This week: the new novel from Emily Giffin, plus why it's so hard for white people to talk about racism.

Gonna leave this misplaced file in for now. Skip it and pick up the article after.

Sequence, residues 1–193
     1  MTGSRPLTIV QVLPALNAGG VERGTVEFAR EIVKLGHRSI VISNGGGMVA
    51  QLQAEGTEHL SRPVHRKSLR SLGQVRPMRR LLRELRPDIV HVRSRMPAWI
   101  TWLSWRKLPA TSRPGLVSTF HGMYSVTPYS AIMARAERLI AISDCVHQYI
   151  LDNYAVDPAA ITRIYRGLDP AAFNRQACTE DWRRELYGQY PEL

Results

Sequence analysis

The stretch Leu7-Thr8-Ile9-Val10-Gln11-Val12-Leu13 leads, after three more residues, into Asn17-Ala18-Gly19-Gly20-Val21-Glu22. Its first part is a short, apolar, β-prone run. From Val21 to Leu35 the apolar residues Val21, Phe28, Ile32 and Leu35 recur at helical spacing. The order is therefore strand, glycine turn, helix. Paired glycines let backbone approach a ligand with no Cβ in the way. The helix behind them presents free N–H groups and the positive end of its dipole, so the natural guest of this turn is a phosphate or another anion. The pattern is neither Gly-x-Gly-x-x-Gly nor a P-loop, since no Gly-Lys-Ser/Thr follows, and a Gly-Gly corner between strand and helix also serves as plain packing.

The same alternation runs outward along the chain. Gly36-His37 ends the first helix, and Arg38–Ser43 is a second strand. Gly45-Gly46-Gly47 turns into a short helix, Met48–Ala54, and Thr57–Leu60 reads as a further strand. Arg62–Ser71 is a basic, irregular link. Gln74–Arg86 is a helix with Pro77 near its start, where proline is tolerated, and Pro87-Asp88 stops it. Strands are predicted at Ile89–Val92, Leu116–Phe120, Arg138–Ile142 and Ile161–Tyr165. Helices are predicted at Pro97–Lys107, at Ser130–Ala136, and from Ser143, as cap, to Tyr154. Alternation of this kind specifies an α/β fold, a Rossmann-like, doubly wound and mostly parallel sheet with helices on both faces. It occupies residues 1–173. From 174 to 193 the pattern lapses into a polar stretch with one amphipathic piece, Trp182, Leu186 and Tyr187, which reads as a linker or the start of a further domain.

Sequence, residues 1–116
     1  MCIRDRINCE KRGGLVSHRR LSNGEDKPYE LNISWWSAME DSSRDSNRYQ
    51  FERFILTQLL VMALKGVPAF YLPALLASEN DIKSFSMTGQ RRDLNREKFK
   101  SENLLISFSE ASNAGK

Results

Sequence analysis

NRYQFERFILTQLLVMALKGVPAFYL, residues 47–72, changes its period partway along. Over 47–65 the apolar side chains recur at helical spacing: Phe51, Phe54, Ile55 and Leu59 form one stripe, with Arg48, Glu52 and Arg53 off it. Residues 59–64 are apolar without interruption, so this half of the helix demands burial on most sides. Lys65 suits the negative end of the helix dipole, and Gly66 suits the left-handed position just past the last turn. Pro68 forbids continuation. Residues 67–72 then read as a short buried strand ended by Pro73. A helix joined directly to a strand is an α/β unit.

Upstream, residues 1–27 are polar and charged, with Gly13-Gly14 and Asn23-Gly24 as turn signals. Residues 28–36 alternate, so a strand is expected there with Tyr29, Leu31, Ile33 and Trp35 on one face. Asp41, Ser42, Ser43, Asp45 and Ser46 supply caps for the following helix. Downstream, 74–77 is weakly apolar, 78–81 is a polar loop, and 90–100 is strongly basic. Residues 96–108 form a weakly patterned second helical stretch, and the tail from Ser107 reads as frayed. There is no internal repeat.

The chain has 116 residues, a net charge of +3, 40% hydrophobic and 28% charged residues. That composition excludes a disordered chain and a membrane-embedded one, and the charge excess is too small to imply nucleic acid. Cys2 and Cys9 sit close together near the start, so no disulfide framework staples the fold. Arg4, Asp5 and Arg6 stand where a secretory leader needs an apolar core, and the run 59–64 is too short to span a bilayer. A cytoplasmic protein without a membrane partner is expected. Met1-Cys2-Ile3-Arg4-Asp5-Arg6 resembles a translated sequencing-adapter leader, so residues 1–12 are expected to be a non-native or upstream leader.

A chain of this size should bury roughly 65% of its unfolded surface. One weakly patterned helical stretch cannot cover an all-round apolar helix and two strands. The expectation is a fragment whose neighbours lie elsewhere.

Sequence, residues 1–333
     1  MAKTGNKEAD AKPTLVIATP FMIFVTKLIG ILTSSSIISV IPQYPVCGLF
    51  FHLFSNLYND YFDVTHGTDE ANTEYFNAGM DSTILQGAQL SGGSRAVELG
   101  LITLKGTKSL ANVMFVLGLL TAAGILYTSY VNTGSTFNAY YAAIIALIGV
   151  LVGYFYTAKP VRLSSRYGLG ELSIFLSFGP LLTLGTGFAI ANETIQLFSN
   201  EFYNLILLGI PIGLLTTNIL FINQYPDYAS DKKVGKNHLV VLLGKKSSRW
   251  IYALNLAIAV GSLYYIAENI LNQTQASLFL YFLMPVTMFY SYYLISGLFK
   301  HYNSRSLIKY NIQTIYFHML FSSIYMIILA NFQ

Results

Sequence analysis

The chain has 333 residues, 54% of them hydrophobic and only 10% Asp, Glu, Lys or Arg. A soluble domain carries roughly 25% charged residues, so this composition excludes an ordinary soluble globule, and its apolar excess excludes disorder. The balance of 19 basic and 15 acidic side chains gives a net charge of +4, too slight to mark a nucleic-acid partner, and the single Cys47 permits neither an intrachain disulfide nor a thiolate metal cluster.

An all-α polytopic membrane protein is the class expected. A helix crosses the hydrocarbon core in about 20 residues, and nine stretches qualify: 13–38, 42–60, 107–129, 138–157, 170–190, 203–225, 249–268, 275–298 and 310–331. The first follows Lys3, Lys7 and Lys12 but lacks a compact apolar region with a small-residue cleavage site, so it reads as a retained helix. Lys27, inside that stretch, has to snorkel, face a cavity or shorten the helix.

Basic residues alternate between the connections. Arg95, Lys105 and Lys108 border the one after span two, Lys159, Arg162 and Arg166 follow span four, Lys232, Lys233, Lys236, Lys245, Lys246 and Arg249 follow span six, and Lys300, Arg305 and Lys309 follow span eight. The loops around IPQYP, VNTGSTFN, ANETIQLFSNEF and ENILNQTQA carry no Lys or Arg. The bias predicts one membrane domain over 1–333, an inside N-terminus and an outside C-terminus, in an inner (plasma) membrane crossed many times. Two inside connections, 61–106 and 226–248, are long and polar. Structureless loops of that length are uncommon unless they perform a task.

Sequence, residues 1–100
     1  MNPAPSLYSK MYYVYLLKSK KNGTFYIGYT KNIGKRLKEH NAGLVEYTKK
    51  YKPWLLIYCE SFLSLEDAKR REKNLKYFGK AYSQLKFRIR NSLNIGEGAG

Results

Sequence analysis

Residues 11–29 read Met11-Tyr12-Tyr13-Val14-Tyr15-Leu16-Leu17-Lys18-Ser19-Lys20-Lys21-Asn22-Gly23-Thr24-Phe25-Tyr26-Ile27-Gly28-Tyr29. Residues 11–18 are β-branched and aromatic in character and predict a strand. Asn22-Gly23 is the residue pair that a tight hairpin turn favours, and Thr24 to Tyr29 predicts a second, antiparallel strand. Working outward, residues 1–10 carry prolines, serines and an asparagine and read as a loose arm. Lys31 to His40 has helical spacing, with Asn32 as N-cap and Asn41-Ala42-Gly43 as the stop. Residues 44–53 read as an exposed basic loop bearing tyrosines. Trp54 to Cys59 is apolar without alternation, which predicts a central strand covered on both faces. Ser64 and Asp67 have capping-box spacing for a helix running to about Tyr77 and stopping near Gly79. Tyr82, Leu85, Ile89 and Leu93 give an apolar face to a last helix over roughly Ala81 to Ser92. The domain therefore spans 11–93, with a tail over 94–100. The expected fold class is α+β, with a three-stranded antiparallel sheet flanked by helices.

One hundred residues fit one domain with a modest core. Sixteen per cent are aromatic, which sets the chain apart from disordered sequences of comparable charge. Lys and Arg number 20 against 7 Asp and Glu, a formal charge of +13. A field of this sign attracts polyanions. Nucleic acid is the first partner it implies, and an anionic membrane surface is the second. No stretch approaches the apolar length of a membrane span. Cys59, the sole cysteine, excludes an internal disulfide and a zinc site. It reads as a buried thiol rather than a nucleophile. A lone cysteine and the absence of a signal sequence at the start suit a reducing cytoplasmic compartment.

Auburn University agricultural economist and sociologist Ashwood relocated to rural Burke County, Ga., to better understand the growing distrust between the government and rural populations for this thought-provoking investigation. She chose the location because the extremely poor county is home to the first new nuclear power plant built in the U.S. in decades, and the process by which the for-profit companies that own the plants took the land of poor disenfranchised residents, polluted and eroded the country’s natural resources, then found a loophole to avoid paying much-needed taxes to the county, illustrates what she refers to as the “public-private fallacy” that prioritizes benefits to corporations over those of individuals, leading to a system in which profit creation drives policy. While this sounds like a relatively academic concept, the work itself is character-driven, affecting, and philosophical. Recounting many of the interviews she conducted with more than 80 people, Ashwood successfully illustrates the human impact of eminent domain and abstract-seeming ideas such as what she terms “the rule of numbers.” She argues that a centuries-old preference for privatization and industrialization in places like Burke County has germinated loss of faith in the government, and highlights the stories of Burke County residents William Gresham and Lela Roberts, who oppose the for-profit democracy ethos through civil disobedience–for instance, treating the land now owned by the plants as though they still belong to the locals—and religion. A more intellectual cousin to recent cultural soul-searching works like J.D. Vance’s Hillbilly Elegy, this is an accessible exploration of how government affects and is perceived by rural Americans.